From OHC

March 30, 2017


Sandy Ditmore and her son Jessie with one of the letters from The Sandy Strong Project that he initiated.

No one knows our bodies better than ourselves – so when something is wrong, it doesn’t take long to notice. Unfortunately, when we are busy we sometimes ignore or downplay the signs to keep up with daily life. This was the case with OHC patient Sandy Ditmore, who five years ago was diagnosed with stage 4 colorectal cancer.

Sandy was a healthy, active, in her early 40s, single mom raising five children. She spent her days working as a vault teller and her evenings were busy taking the kids to activities, doing homework, and making dinner. She remembers experiencing minor symptoms from time to time over a five-year period, like pressure in her rectum and a small amount of blood in her stool, but chose not check things out even though she had access to medical care and excellent health insurance. She didn’t have time, remembers Sandy, as these “symptoms” were not keeping her from her hectic routine and she convinced herself it was probably due to hemorrhoids.

Then came the eventful drive home. Having just left work, Sandy suddenly felt horrible and knew she needed to reach a restroom. Upon arriving home, she started passing large amounts of blood from her rectum. Alarmed and scared, she knew something was seriously wrong. She sought immediate attention and after a colonoscopy was diagnosed with five precancerous polyps. Due to their size, Sandy underwent surgery to have part of her colon removed along with the polyps. After her recovery, Sandy was instructed by her doctors to have a yearly colonoscopy, which is recommended for individuals who have a history of polyps. However, Sandy went back to being a busy mom and didn’t follow this advice.

Three years later, Sandy unfortunately noted blood in her stool and decided to take action this time. A colonoscopy revealed she had stage 4 colorectal cancer and a CAT scan and liver biopsy showed the cancer had spread. Sandy’s new family became OHC. Now-retired medical oncologist Dr. John Bismayer helped Sandy through some difficult times. Dr. Mark Johns now directs her care. Sandy shares that she has received close to 50 rounds of chemotherapy and has participated in three clinical trials, besides other surgical interventions. She is still fighting the battle.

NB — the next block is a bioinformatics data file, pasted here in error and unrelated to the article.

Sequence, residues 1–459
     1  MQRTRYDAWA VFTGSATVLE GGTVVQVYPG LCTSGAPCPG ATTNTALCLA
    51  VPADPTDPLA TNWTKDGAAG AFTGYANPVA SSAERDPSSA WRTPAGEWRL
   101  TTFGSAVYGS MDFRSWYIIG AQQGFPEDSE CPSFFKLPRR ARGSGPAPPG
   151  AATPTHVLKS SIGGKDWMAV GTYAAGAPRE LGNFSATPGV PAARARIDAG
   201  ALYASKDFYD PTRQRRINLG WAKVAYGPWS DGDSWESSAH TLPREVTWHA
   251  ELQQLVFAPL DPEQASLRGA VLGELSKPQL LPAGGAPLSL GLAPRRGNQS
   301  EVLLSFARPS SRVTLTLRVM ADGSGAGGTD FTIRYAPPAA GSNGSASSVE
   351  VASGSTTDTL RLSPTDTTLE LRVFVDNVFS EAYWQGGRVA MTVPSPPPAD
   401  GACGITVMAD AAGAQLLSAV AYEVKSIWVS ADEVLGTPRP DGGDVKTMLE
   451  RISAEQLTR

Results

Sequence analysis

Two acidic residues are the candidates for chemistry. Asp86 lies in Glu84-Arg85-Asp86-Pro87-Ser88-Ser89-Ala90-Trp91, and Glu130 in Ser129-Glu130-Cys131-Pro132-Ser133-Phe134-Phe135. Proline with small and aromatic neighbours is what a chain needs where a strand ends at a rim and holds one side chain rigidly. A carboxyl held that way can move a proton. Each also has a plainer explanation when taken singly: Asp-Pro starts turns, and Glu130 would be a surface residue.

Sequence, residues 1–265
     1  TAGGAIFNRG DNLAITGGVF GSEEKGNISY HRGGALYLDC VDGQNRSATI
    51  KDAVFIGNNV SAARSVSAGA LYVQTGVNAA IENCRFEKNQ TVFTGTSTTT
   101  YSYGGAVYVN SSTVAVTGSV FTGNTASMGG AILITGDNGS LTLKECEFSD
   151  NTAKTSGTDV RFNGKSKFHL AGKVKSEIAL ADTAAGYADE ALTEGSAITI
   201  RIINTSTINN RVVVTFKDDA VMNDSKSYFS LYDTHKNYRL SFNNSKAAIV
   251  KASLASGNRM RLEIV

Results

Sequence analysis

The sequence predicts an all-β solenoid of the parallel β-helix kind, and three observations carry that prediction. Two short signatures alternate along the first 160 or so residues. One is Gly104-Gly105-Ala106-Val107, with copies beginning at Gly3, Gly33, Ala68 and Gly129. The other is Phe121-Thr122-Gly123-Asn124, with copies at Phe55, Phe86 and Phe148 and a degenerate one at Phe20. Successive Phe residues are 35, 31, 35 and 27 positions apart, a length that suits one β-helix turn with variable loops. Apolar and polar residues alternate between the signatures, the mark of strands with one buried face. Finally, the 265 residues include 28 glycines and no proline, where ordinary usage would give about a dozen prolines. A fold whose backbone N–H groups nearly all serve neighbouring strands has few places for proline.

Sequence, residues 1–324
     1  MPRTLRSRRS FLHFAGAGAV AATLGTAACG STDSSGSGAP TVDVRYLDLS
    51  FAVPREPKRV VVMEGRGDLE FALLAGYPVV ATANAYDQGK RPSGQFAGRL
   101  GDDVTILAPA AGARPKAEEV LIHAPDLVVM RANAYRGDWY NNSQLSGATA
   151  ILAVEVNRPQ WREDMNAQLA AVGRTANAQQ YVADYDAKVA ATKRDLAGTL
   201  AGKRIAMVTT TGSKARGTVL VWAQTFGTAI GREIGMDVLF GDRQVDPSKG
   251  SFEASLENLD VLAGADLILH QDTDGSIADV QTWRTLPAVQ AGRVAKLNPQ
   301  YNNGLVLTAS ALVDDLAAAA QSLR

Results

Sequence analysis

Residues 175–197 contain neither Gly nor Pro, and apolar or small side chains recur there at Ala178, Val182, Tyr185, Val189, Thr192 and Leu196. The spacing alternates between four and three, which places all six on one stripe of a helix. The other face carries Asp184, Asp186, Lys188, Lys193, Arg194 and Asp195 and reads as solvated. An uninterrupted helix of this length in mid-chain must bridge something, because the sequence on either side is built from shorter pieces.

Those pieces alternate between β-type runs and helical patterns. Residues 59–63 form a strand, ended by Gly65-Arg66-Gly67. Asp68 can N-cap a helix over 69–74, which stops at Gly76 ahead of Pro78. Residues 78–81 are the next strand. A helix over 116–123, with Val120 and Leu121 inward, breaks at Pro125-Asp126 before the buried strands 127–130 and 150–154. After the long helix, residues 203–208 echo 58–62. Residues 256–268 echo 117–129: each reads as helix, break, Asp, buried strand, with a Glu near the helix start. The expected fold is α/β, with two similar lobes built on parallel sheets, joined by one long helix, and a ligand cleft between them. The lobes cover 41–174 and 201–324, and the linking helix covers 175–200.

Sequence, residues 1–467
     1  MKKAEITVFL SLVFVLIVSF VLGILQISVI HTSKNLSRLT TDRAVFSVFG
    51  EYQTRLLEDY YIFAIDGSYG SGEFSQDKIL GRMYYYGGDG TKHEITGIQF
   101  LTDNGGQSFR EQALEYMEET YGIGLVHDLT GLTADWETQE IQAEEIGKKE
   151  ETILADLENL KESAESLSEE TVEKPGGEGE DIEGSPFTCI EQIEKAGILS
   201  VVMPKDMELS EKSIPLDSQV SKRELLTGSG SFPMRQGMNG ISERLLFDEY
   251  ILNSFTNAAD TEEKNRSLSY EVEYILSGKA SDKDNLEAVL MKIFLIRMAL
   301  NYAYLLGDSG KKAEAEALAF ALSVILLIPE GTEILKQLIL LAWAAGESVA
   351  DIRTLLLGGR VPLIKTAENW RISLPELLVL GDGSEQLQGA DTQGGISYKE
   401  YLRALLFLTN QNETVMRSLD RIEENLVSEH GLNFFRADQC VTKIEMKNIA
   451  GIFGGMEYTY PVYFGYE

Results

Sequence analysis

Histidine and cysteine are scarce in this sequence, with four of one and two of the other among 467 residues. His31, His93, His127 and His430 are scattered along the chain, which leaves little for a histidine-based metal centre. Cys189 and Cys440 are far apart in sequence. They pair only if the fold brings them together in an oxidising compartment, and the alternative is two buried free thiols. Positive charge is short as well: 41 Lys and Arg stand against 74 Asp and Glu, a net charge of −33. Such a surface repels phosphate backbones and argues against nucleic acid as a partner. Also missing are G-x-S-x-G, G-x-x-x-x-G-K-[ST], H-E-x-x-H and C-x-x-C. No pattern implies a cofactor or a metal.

When you listen to Sandy talk, she is strong in her beliefs and says she is here to help educate others so they do not repeat her mistakes. “The biggest lesson I’ve learned throughout this whole experience is that you need to be aware and listen to your body. If you see blood in the toilet or experience uncommon abdominal pain, address it with your doctor so that you don’t end up in my situation. Not all symptoms result in a cancer diagnosis, but you have to be your own advocate,” notes Sandy.

Another piece of advice is to bring a friend or family member with you for your medical appointments so they can take notes and help you remember what is being said.

“It’s important to take notes and act upon even the slightest symptoms because it means something is going on in your gut. Even if it’s not cancer, it needs to be addressed immediately,” said Sandy.

She remains optimistic about her future. What drives Sandy? Well, her family has grown to 10 children with a grandchild on the way. She credits her positive attitude, determination, and especially her children, as being the key to her survival.

Determination runs in the family as her now 13-year-old son Jessie started an initiative in 2013 in Forest Hills School system called The Sandy Strong Project. Students created and sent nearly 2,000 pictures and letters to oncology offices, the Ronald McDonald House, and the Alzheimer’s Association to brighten a patient’s day in honor of his mom and her strength during her battle with cancer. He was honored for his work with a letter from former President Obama and with a 2016 Unsung Hero Award from Cancer Family Care. Sandy was a recipient of the same award and was recognized for her strength, positive attitude, and the impact she has on other patients and OHC staff. “Sandy never gives up,” notes OHC nurse Judi Houchens, who nominated Sandy and her son Jesse. They are both an inspiration to so many people.

“I have so much to look forward to in my life that I can’t let my cancer stand in my way,” said Sandy. “I’m determined to fight this so that I can see my children get married and have babies.”

OHC wants to remind readers that these symptoms should be evaluated by a health care provider:

  • A change in bowel habits longer than a few days
  • A feeling that you need to have a bowel movement that is not relieved by having one
  • Rectal bleeding with bright red blood
  • Blood in the stool or dark, tarry-looking stool
  • Cramping or abdominal pain
  • Weakness or fatigue
  • Unintended weight loss

Many of these symptoms can be caused by other conditions, but it is important to see your doctor so the cause can be found and treated.

To learn more about reducing your risk of colorectal cancer or OHC’s cancer treatments, please browse our website and download our patient newsletters. Or call us toll-free at 1-844-424-6673.

Feature Photo (L to R):
Cancer Family Care Unsung Hero Recipients Sandy Ditmore and son Jesse Ditmore, and nominator Judi Houchens, OHC Infusion Nurse.

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